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Proceedings Paper

Disease characterization of active appearance model coefficients
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Paper Abstract

We previously reported on 2D and 3D Active Appearance Models (AAM) for automated segmentation of cardiac MR. AAMs are shown useful for such segmentations because they exploit prior knowledge about cardiac shape and image appearance, yet segmentation of object borders might not be the only benefit of AAMs. An AAM represents objects as a linear combination of shape and texture variations applied to a mean object via Principal Component Analysis (PCA) to form an integrated model. This model captures enough shape, texture, and motion variations to accurately synthesize reconstructions of target objects from a finite set of parameters. Because of this, we hypothesize that AAM coefficients may be used for the classification of disease abnormalities. PCA is useful for reducing the dimensionality of vectors, however it does not produce vectors optimal for the separation of classes needed for disease classification. Discriminate analysis such as Linear Discriminate Analysis (LDA) and Kernel Discriminate Analysis (KDA) are dimension reducing techniques with the added benefit of supervised learning for the purpose of classification. Once AAM segmentation is complete, disease probabilities are computed from model coefficients via discriminate analysis. Preliminary results on model coefficients show tendency of disease separation for certain disease classes.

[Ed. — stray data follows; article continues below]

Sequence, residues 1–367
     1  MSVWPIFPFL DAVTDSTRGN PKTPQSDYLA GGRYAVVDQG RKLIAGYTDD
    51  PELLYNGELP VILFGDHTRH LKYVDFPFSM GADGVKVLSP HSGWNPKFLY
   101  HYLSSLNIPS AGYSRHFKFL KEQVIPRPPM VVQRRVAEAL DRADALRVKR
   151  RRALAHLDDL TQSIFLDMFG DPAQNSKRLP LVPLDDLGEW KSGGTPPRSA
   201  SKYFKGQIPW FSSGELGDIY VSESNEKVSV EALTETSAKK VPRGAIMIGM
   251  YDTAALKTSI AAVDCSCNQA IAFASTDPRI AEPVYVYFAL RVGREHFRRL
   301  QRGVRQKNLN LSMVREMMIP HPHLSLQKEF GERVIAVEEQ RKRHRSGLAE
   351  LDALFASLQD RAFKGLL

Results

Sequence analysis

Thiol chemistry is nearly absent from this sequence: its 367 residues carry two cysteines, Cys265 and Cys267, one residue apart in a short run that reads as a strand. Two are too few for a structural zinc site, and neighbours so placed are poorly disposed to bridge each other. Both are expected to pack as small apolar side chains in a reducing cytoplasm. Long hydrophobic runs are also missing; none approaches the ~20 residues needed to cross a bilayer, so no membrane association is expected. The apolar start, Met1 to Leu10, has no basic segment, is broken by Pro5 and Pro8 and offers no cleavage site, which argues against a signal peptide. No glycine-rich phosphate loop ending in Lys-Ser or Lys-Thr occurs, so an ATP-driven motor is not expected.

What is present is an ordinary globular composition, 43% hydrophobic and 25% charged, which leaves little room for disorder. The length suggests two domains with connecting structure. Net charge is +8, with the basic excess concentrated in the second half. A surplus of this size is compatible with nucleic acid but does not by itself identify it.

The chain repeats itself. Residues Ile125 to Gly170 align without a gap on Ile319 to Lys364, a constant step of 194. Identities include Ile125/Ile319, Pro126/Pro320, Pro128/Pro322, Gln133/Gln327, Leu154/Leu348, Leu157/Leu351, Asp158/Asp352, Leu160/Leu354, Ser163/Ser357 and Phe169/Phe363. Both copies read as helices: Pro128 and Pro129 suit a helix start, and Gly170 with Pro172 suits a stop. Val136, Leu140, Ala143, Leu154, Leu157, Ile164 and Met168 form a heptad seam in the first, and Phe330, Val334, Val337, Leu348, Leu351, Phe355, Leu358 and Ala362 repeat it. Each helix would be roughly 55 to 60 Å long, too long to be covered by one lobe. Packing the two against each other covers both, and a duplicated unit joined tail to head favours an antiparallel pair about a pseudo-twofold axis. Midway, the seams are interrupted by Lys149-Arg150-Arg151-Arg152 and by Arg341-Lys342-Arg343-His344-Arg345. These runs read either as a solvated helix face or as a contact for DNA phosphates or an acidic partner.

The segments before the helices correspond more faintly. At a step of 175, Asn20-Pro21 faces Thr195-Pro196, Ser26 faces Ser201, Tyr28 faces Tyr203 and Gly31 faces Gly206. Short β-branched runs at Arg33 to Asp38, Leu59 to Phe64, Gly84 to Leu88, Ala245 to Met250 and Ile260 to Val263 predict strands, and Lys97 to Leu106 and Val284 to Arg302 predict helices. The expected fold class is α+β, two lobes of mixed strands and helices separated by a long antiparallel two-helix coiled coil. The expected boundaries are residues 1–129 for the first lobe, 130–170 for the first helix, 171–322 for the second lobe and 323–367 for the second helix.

Paper Details

Date Published: 15 May 2003
PDF: 9 pages
Proc. SPIE 5032, Medical Imaging 2003: Image Processing, (15 May 2003); doi: 10.1117/12.481145
Show Author Affiliations
Steven C. Mitchell, Univ. of Iowa (United States)
Boudewijn P. F. Lelieveldt, Leiden Univ. Medical Ctr. (Netherlands)
H. G. Bosch, Leiden Univ. Medical Ctr. (Netherlands)
Johan H. C. Reiber, Leiden Univ. Medical Ctr. (Netherlands)
Milan Sonka, Univ. of Iowa (United States)


Published in SPIE Proceedings Vol. 5032:
Medical Imaging 2003: Image Processing
Milan Sonka; J. Michael Fitzpatrick, Editor(s)

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